Students set sights on games industry

Students set sights on games industry
By Euronews
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The games industry has come a long way since the 1980s.

From a niche market, it has grown into a global industry – with Hollywood-size budgets and plenty of creativity.

Students at the European Cross Media Academy (EUCROMA) in Copenhagen are hoping to become a part of it.

Amalie Naesby is studying to be an animation film director and recently discovered the potential of the games industry.

“I think that what has changed is that the game industry is a fairly new industry, compared to the film industry, so new traditions (can be) made,” she said.

“And the whole idea of more interactive stories that can be film and game combined is very interesting.”

The academy’s programme focuses on training animation students to work across both films and games.

It is the so-called cross media approach.

“As there weren’t really game directors before, I think this is a great opportunity for us to get out and influence the business by hopefully making good stories inside of the games,” said Amalie.

At first, some students were skeptical about the new way of working.

“When we started to have this format where they had to work with computer games, half of the students, the director students said we don’t want to,” said Gunnar Wille, founder of EUCROMA.

“Most of them changed their minds about it and they realised that this is a new media, a new way of telling stories that is interesting and it has a huge audience.”

You need various skills to do well in the industry.

Zoe Lorimer, 19, from Scotland, started out as a designer.

She is now becoming more interested in the production side of games.

“There is quite a big problem in the games industry with games going over budget, with games going over their time limit and having to be delayed, pushed back,” she said.

“That’s because there is not a producer to handle the schedule and handle the budget. In the past that was handled by business people who did not have a good understanding of the games,” Lorimer continued.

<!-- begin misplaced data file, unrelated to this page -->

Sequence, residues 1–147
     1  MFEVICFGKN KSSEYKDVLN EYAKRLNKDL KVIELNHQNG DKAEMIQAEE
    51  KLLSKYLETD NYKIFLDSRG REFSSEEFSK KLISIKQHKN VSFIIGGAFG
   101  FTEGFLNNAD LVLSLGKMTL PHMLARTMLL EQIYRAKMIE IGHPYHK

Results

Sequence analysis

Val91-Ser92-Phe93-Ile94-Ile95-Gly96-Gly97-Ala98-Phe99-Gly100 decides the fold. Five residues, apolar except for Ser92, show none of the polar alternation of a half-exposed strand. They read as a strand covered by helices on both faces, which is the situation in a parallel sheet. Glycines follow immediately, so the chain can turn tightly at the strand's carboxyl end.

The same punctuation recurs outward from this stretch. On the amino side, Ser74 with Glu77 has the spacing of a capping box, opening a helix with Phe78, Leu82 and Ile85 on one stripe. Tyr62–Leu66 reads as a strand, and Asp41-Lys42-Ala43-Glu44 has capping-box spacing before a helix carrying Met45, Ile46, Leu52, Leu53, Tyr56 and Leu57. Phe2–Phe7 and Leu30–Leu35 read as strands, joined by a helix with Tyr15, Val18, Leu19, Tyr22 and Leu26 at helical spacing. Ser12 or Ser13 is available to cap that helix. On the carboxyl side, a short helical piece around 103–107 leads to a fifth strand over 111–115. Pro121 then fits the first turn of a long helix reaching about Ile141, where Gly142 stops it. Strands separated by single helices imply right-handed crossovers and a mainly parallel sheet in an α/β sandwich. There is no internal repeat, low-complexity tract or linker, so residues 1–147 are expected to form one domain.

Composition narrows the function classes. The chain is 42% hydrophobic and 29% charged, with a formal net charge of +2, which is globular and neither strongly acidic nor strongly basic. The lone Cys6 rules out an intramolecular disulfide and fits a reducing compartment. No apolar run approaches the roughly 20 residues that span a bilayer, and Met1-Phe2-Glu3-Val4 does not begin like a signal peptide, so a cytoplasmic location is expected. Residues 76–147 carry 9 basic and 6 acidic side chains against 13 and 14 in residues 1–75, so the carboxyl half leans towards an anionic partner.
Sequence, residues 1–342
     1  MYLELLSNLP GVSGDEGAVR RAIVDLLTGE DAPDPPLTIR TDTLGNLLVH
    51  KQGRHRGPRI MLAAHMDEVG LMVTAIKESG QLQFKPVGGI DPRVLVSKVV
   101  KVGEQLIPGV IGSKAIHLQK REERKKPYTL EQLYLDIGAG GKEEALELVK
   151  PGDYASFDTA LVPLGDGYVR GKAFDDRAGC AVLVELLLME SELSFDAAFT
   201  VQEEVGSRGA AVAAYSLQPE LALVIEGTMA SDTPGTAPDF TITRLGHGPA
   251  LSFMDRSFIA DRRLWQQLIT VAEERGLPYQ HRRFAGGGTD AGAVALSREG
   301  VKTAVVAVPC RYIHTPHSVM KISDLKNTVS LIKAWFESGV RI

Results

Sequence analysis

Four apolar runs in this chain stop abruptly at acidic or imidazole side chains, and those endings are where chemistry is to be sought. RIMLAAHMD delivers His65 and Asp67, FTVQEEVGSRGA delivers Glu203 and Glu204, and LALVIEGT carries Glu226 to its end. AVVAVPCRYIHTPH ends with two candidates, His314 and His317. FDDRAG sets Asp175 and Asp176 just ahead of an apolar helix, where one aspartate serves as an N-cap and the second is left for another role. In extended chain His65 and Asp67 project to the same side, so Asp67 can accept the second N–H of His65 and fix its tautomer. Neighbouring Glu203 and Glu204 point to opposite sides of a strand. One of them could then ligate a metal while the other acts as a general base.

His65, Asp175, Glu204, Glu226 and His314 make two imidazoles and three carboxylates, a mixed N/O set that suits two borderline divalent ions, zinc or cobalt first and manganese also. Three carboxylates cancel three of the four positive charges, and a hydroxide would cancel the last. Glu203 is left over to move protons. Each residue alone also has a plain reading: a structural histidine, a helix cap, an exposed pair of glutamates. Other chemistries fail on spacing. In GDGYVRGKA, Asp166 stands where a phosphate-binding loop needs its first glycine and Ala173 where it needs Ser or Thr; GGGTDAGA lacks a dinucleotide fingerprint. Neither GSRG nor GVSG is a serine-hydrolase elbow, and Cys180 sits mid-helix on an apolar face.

“I just feel like we need more producers in the industry, especially as games get more and more complex.”

The idea behind the cross-media approach is that students consider different forms of media from the outset.

That was the spirit behind a game and animated film developed last year by academy students.

“What happens now is somebody makes a film and then they realised… we also have to have a game. And then they ask somebody could you make a game,” said Wille.

“Normally it would not be a good game because their love is for the film. What we say is that you have to think about this before you decide the media. Then you will have people that have the same interest and love for the game and for the film.”

This is the second year of a six month course supported by the EU media programme. Students come from all over the world.

Tamas Csetneki, 21, from Hungary, is an animator and concept artist. He likes films and games, but prefers the latter.

“I think that the game industry is more of an open minded part of the industry. They have more of a free hand to experiment with new ideas and new ideologies,” said Tamas.

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